Why This Matters

Posted on Posted in Design Thinking Process, Personal Reflections

Over the past semester, I have been flooded with questions from students, faculty, staff, friends, and family regarding the Design Thinking Studio. Some questions are out of a genuine desire to understand, and some are out of skepticism and confusion. I am often asked how this fits into my major, if I feel like I’m learning anything, what exactly we are doing, and if this work matters to me. The stigma associated with a nontraditional classroom experience is rather frightening and reflects the often harmful systemic expectation of the status quo in higher education.

Let me begin by addressing these questions. Yes, the Design Thinking Studio in Social Innovation is relevant to my major. In fact, it’s relevant to every major. It is an interdisciplinary experience that is transferable to any classroom, organization, or discipline. We receive credits that go towards requirements, just like every other Elon student. Yes, I am definitely learning a lot. The way I think has transformed and developed from trying to fit into the system, to trying to reinvent it and make it better. I’ve learned about different mindsets, programs, software, and processes that I would never have learned had I continued on with the traditional classroom experience.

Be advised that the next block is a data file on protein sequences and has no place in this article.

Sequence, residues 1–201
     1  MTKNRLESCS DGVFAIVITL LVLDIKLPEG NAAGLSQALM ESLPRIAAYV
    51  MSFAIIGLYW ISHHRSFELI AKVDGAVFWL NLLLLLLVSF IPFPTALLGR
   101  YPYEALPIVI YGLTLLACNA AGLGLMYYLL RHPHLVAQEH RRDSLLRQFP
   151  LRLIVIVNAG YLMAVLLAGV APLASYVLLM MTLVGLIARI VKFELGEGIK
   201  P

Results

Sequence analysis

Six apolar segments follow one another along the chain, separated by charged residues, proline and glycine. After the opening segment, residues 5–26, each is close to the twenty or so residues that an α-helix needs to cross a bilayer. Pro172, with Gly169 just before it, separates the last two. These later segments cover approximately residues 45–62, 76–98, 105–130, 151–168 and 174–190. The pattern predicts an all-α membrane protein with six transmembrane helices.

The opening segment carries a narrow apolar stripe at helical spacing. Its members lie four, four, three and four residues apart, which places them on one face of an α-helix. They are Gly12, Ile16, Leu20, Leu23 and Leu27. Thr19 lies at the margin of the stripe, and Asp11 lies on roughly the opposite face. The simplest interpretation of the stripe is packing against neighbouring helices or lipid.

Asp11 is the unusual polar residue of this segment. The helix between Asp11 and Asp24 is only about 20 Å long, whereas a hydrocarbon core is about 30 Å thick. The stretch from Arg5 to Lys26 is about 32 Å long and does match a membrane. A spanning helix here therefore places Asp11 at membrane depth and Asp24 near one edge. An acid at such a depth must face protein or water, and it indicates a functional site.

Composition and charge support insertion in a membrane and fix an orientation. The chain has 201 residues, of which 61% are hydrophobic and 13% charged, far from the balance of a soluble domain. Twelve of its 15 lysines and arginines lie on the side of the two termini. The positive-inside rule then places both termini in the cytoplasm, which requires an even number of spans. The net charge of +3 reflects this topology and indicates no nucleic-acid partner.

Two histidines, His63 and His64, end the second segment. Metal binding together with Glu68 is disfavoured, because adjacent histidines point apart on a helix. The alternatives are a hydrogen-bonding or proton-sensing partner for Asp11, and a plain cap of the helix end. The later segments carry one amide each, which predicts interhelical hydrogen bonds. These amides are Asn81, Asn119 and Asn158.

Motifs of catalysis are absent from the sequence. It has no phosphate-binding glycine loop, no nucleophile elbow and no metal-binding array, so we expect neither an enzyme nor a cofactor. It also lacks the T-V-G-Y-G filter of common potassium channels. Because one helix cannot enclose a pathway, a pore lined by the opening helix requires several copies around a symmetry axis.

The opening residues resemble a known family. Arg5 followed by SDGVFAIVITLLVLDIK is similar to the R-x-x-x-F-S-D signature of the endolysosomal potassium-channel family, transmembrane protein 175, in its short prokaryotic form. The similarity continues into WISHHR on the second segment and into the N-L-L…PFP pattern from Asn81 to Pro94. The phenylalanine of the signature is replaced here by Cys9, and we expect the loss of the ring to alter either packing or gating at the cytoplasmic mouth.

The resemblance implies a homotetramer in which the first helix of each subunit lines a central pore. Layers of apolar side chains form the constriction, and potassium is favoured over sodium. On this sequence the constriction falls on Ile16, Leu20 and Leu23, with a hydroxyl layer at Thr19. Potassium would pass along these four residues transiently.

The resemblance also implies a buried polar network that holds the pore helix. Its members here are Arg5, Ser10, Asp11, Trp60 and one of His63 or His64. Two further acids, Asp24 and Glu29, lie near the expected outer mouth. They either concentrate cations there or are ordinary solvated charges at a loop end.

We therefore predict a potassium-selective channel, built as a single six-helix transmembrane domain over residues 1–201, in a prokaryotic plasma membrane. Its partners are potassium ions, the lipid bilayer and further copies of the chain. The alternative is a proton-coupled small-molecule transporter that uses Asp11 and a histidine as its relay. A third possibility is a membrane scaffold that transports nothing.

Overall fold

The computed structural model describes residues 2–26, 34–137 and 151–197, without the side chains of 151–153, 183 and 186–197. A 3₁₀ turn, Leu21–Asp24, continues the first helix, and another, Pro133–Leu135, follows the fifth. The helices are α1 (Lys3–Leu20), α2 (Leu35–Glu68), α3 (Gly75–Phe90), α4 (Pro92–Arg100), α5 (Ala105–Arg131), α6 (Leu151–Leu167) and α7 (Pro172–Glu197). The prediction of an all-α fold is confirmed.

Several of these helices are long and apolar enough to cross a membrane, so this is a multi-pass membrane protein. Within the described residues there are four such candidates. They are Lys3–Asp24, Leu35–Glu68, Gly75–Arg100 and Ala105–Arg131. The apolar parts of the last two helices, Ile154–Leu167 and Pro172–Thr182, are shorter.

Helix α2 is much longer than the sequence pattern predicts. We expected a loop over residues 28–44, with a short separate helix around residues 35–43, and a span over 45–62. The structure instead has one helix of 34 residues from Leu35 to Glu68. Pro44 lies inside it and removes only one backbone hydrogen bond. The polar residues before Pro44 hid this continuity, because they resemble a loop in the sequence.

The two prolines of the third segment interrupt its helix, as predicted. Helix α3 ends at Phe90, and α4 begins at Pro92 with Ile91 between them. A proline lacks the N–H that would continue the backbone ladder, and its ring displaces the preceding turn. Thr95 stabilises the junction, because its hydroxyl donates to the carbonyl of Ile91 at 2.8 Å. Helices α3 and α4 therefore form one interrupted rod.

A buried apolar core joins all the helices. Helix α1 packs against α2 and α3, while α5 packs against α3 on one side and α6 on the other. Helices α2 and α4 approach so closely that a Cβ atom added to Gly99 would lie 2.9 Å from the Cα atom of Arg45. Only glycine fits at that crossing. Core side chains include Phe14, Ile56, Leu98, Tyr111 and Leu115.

What exactly are we doing? We are learning about new and innovative ways of learning and accomplishing tasks. We are utilizing a human centered approach to design, projects, and the workplace. Why try to force everyone to fit into a system when you can reinvent the system to make it better for everyone? We are working on projects in class, shadowing leaders in Alamance County, carefully reflecting, and utilizing important resources from design thinking trailblazers. Does this work matter to me? Of course it does. This is one of few times throughout my journey through the education system that we prioritize others’ needs. We don’t do projects for the sake of doing projects. We don’t work for the sake of working, only to be graded and leave forgetting all the information. We are very intentionally and carefully crafting our work to benefit the greater community. This is so important, as our education is such a massive privilege, and it is a shame not to share with others.

To those that are skeptical about such a unique and non-traditional educational experience: embrace the mess. Lean into the discomfort. We learn and grow the most when we are uncomfortable and in a new environment. The classroom isn’t always the best place to learn.

Written by: Mikey Gibeley